Autoimmune Polyglandular Syndrome II in a Patient with Takotsubo's Cardiomyopathy
Presentation Number: SAT-0755
Date of Presentation: June 21st, 2014
Karla Cristina Borromeo Detoya*1, Daniela Ciltea2, Dylan Timberlake3 and Nairmeen A Haller4
1Akron General Medical Center, Cleveland Clinic Affiliate, Akron, OH, 2Akron Gen Prtnrs Physician Grp, Akron, OH, 3Northeast Ohio Medical University, 4Akron General Med Ctr, Akron, OH
Introduction: Autoimmune Polyglandular Syndrome (APS) is a rare condition involving multiple endocrinopathies and associated autoimmune disorders. It is preceded by adrenal failure in almost 50% of cases. Takotsubo Cardiomyopathy (TCM) is a disorder with a poorly understood pathogenesis, leading to transient dysfunction of the middle segments/apex of the left ventricle and subsequent apical systolic dilatation. We report a case of APS type II in a 65-year-old female with recent history of TCM.
Clinical Case: A 65-year-old female diagnosed with TCM based on cardiac catheterization consulted seven months later for progressive and chronic fatigue, hair loss, nail problems, insomnia, eczema and multiple hypopigmented patches. She was being maintained on hormone replacement therapy for hypothyroidism (TSH at 33.3 uIU/mL, n 0.358- 3.74 uIU/mL; free T4 at 0.37 ng/dL, n 0.82-1.77 ng/dL). Workup revealed thyroid peroxidase antibodies (51 IU/mL, n <35 IU/mL) present and was unremarkable for other autoimmune antibodies (anti-thyroglobulin, anti-tissue transglutaminase, anti-cardiolipin, anti-phosphatidylserine, anti-glutamic acid decarboxylase, anti-islet cell, and anti-21 alpha hydroxylase antibodies). ACTH (17 pg/mL, n 6-50 pg/mL) and DHEAS (75 ug/dL, n <146 ug/dL) were both normal. Despite the sensitivity of anti-21 alpha hydroxylase antibody testing, negative results have been documented in diagnosed cases of Addison’s disease. Thus, confirmatory cosyntropin stimulation test was performed and result suggested primary adrenal insufficiency (baseline cortisol at 1.7 ug/dL, 30 minute cortisol at 11.0 ug/dL, 60 minute cortisol at 13.6 ug/dL; n baseline cortisol at least 5 ug/dL, increase in 30 minute cortisol at least 7 ug/dL, 60 minute cortisol at least 18 ug/dL). Autoimmune Polyglandular Syndrome was suspected based on symptomatology, laboratory findings of hypothyroidism, primary adrenal insufficiency and recent clinical findings consistent with dermatomycosis. The patient was then started on hydrocortisone, with good response to treatment.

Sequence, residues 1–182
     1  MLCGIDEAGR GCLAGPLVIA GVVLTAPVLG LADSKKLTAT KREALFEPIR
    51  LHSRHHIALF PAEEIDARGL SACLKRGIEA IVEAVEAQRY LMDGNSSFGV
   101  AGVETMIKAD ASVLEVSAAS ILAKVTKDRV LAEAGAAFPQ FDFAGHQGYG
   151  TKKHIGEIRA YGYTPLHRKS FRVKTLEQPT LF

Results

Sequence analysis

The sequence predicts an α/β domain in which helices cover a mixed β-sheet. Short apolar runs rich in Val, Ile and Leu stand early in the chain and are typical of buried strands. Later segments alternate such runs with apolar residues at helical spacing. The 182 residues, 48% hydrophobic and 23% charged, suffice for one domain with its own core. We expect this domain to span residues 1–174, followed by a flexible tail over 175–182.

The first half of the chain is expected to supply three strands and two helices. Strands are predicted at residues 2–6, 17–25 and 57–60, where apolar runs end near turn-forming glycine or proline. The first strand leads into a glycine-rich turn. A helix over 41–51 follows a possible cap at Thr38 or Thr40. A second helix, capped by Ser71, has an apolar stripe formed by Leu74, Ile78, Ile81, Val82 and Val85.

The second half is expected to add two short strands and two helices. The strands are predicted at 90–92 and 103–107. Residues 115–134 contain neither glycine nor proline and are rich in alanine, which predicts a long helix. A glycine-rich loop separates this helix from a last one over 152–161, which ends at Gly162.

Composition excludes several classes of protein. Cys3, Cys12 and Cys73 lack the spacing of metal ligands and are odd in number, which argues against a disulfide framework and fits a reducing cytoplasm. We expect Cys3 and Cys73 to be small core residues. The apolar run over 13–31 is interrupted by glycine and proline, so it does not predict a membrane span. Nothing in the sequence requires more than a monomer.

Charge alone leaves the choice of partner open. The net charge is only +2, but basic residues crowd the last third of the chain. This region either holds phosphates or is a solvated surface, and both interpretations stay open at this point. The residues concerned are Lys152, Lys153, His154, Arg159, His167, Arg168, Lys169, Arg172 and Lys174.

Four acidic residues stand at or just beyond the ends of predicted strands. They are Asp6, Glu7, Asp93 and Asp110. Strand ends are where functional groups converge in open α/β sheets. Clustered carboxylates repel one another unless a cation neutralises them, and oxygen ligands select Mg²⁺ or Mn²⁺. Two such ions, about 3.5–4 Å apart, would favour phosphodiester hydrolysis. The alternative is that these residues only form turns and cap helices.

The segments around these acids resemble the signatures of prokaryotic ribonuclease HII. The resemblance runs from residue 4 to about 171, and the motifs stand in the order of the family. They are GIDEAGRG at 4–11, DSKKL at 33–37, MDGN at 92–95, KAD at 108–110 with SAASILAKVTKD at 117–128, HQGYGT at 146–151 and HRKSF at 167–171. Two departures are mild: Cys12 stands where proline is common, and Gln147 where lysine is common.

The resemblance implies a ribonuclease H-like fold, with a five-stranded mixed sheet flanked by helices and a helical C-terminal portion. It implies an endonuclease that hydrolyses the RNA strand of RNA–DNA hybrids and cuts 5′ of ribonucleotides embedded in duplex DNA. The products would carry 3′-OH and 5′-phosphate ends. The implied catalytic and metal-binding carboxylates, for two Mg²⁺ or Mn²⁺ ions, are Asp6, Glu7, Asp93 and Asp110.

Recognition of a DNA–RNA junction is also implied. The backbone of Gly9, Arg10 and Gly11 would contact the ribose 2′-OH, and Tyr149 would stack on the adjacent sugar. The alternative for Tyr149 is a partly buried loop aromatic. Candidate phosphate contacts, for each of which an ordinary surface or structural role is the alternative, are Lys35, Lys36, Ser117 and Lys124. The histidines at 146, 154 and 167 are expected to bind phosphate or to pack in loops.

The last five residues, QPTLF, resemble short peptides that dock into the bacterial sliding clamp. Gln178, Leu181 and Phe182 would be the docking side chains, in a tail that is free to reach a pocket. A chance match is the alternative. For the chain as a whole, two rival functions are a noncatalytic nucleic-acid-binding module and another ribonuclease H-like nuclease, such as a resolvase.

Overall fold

Conclusion: This is a case of TCM with hypothyroidism,presenting with clinical and laboratory findings consistent with APS II. Three other cases of APS with concomitant TCM have been reported. While TCM is currently of unclear etiology, if related to APS it may be an early sign of the latter disease, as seen in this case. One plausible theory argues that TCM may be triggered by potentiated catecholamine release in APS II due to ACTH stimulation. Other authors cited possible hormonal preconditioning combined with the patient being in distress as factors contributing to the coexistence of these two diseases. This case report supports the possibility that APS II and TCM may share common pathogenetic pathways which may include autoimmunity, hormonal factors, and genetic factors. Further studies are recommended to establish correlation.
Nothing to Disclose: KCBD, DC, DT, NAH